At all of this, of course, there is the question of whether more protesters in trucks will again join Ottawa or other communities where they appeared this month and whether the blockade was the start of a larger political movement.

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Tamara Licht and Pat King, two of the most prominent organizers of the protest, were denied bail this week. When I visited one of the small groups of trucks and protesters east of Ottawa earlier in the week, the mood was mainly subdued. A man who said he was an organizer declined to discuss the group’s plans before ordering me and a photographer to go.

Along with my Mexico City-based colleague Natalie Kittroeff, who came to Ottawa to help our team cover the protest, I wrote a story looking at what the protest could be like. The consensus of the experts we spoke with is that the protesters, which show many Canadians to be isolated, had failed to convert the energy built up in three weeks into a clear political force.

  • Many of the large populations of people with Ukrainian heritage in Canada, a demographic that I include, are watching the Russian invasion carefully. Dan Bilyfsky wrote of a particularly close relationship with Ukraine’s Chrystia Freeland, deputy prime minister and one of the most vehement critics of Russian President Vladimir V. Putin.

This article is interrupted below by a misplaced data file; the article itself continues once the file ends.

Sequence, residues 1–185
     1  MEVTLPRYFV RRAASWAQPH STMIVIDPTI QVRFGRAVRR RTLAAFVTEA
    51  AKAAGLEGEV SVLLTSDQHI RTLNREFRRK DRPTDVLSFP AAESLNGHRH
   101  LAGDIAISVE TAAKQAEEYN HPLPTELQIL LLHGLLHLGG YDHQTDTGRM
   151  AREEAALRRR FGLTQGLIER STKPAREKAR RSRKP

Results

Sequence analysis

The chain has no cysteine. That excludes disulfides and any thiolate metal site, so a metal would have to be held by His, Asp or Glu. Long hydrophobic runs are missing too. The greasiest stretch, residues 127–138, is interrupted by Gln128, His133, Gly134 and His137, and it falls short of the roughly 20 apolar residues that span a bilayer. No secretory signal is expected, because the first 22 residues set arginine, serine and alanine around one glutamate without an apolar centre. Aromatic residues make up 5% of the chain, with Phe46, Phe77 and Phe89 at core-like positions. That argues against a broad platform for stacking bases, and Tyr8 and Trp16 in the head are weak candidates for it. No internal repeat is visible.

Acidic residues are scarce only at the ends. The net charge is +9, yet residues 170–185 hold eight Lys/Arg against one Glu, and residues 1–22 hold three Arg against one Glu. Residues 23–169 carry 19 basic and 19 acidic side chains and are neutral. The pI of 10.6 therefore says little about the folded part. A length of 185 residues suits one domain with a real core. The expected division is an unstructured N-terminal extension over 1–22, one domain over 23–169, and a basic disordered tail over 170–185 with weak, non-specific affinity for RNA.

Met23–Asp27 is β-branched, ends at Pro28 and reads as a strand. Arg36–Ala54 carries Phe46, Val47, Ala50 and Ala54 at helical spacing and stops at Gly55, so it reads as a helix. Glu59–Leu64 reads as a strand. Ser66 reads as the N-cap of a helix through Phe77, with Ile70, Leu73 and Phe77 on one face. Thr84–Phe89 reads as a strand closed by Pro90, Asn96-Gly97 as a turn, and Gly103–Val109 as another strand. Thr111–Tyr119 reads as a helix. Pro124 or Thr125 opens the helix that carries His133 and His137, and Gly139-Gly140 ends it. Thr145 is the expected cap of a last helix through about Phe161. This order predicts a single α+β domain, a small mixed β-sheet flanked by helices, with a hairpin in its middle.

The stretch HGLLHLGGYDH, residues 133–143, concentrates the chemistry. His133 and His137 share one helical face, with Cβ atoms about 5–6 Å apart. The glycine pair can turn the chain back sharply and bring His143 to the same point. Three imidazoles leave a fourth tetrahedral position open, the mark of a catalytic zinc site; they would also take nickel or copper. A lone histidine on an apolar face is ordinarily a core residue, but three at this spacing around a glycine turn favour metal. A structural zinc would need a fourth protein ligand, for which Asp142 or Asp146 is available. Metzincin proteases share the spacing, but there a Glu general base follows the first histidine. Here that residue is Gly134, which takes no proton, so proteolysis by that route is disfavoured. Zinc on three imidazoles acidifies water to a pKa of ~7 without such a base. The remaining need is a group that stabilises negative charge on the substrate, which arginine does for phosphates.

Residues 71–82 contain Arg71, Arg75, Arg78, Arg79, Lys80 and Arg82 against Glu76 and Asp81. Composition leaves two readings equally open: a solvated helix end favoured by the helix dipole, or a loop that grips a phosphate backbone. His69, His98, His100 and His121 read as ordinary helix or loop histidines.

• Diana Beresford-Kroger, a medical biochemist who lives in Merrickville, Ontario, and an activist against climate change, fighting for what remains of the world’s great forests and what is already cut down is rebuilding. Cara Buckley writes that her efforts “included cultivating a plantation of rare and hardy specimens of Noah’s Ark that could best withstand a hot planet.”

  • Inspired by protests in Ottawa, another demonstration has been dug up in New Zealand, some 9,000 miles away.

  • Emil Francis, once known as “The Cat”, was a goalkeeper from North Battleford, Saskatchewan who rebuilt the New York Rangers as coach and general manager during the 1960s and ’70s. He died at the age of 95.

A native of Windsor, Ontario, Ian Austen was educated in Toronto, lives in Ottawa and has reported about Canada for The New York Times for the past 16 years. Follow him on Twitter at @ianrausten.